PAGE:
There is a variety of bug-tracking systems available today, both commercial and open-source. Bug-tracking systems are necessary for any organization that maintains medium- to large-scale systems. While they’re useful, however, bug-tracking systems merely record the process through which a defect report goes.
The really valuable information generated by this process is only gleaned at the end of that process and often isn’t recorded. The most valuable information to be gained from diagnosing a bug is why the problem occurred. The process of determining the earliest point in the design and implementation of a program that a defect was introduced is called root-cause analysis.
Doing root-cause analysis is important for several reasons. First, it keeps you from fixing symptoms. Second, it enables you to improve the quality-evaluation methods for the phase of the development cycle in which the defect was introduced. Finally, it makes it easier to find similar bugs sooner in the future.
Programmers are sometimes unwilling to record this information because they fear that authority figures may abuse it. In some situations, this fear may be justified.
Managers looking for programmers to downsize may decide to choose staff based on false conclusions derived from root-cause-analysis data. For example, they might choose to terminate those programmers who have the most root-cause records logged against software they worked on. Or, they might withhold raises from those programmers who submit the most root-cause records.
These are both foolish choices, since these phenomena may be explained by reasons other than programmer incompetence. In the first case, uneven test coverage can cause one part of a system to look more defective than others, even though the opposite might actually be the truth. In the second case, the programmer who submits the most records may in fact be the most diligent tester in his group.
As a result of the potential for these abuses, organizations that attempt to collect root-cause-analysis data sometimes promise not to keep individual records, but statistical summaries of the information. After a programmer enters root-cause information, it’s immediately aggregated with totals, counts, averages, and so forth. Management can see trends, but can’t evaluate the work of individuals.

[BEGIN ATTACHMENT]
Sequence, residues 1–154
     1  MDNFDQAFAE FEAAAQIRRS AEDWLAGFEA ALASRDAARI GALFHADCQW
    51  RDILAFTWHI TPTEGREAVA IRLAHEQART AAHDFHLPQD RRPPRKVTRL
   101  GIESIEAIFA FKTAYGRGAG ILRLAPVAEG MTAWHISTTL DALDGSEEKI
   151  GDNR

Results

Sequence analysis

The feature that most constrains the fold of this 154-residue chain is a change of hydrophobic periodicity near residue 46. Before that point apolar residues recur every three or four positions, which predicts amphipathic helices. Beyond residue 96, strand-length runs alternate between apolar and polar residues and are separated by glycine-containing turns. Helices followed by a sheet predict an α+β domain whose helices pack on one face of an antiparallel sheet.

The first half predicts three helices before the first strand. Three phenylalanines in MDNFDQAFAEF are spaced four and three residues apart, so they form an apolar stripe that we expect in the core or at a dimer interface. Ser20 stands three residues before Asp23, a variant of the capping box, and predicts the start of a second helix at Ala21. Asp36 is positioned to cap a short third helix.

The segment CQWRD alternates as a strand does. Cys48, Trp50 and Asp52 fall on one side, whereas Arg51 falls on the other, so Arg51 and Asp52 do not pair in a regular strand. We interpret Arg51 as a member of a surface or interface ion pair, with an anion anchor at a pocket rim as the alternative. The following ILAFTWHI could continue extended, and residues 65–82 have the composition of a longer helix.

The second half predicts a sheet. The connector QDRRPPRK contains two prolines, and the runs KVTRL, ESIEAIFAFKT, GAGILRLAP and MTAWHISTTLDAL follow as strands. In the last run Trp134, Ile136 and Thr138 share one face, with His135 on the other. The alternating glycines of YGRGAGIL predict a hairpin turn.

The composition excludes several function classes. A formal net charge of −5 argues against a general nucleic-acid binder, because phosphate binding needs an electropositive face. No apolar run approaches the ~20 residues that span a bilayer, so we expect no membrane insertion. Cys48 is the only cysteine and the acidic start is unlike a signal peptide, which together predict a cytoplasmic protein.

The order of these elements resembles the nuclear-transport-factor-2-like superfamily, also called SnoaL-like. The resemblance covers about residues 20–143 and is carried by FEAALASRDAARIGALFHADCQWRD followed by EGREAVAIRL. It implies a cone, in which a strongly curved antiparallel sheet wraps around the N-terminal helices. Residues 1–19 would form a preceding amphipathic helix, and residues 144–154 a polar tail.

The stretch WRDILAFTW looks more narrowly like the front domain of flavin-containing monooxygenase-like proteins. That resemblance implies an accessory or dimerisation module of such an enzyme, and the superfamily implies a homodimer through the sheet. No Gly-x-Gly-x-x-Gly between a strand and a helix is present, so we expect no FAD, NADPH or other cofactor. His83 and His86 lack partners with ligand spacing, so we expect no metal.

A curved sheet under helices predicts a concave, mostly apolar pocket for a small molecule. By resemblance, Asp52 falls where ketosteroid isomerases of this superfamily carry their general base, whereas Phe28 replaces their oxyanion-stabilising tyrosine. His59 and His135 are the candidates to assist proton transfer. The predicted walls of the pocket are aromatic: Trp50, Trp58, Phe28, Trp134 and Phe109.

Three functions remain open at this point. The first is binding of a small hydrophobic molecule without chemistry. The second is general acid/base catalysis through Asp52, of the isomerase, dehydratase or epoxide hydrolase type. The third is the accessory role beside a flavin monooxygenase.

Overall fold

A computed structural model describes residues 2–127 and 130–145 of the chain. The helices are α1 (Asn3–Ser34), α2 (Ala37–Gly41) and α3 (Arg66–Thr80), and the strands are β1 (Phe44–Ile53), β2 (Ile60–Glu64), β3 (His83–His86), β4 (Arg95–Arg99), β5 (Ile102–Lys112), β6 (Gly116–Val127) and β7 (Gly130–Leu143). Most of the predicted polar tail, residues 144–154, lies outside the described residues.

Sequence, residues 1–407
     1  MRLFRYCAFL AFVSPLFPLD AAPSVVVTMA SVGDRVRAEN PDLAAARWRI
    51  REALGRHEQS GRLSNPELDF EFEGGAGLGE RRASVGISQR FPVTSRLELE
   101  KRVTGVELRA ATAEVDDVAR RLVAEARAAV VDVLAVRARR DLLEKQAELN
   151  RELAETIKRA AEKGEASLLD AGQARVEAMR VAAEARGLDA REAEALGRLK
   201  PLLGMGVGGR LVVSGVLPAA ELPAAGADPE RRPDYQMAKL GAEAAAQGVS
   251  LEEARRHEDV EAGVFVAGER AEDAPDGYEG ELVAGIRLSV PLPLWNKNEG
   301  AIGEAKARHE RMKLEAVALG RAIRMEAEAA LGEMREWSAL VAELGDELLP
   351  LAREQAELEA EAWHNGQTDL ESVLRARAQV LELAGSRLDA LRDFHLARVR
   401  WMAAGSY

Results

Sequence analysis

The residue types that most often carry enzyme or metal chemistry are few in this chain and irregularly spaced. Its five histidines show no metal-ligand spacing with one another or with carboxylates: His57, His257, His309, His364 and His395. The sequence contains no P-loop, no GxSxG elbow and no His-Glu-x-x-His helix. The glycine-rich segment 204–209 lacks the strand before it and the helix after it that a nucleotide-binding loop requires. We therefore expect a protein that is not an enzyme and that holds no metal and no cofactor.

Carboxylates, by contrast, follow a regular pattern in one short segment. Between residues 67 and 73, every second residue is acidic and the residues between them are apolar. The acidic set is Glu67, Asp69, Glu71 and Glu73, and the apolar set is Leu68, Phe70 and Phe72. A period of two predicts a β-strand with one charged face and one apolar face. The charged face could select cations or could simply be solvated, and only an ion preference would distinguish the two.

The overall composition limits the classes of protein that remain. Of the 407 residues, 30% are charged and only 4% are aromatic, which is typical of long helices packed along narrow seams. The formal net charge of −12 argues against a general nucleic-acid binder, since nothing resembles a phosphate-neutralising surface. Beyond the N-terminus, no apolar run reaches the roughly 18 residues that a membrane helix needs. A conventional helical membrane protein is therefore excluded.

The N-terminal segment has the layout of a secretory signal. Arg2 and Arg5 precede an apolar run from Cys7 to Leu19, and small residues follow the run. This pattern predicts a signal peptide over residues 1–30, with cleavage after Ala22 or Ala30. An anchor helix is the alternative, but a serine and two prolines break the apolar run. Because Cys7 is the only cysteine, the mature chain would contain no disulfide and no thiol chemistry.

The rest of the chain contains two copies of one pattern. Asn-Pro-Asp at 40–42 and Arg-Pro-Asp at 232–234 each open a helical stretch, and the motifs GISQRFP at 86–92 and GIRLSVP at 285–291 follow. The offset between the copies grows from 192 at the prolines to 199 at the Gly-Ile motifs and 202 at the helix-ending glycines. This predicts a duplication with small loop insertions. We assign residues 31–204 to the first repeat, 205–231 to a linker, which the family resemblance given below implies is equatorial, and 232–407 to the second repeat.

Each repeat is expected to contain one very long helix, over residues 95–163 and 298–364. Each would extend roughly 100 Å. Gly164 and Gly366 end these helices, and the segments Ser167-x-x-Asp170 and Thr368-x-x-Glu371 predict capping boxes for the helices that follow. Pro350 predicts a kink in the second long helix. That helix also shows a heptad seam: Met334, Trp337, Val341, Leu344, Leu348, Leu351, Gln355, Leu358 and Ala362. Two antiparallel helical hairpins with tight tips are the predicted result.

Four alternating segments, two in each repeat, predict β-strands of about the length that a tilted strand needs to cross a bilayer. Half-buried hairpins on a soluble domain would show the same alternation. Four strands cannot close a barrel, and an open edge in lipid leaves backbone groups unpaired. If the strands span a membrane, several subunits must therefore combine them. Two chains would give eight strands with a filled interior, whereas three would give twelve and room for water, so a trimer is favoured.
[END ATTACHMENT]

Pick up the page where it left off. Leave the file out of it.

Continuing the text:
As you develop a database of root-cause-analysis records, you will be able to focus a debugging search on the errors you make most frequently. Another value of this database is being able to recall problems you have fixed that were similar to the problem you’re currently working on. This will enable you to diagnose more quickly and thereby fix more defects over a fixed period of time. See Chapter 8 for further discussion on similar problems.
Statistical summaries of your root-cause analyses can also be useful. They can tell you where you need to brush up your skills or employ additional “defensive programming” tactics to avoid the problem in the future.
If the people who supervise you aren’t asking for this information, you can keep it anyway and become more productive than your peers. As a student, you should get better grades by completing your assignments with less effort and with greater quality. As an employee, if your employer rewards you based on performance, you should earn more by getting your software to market earlier than the competition and with fewer customer complaints.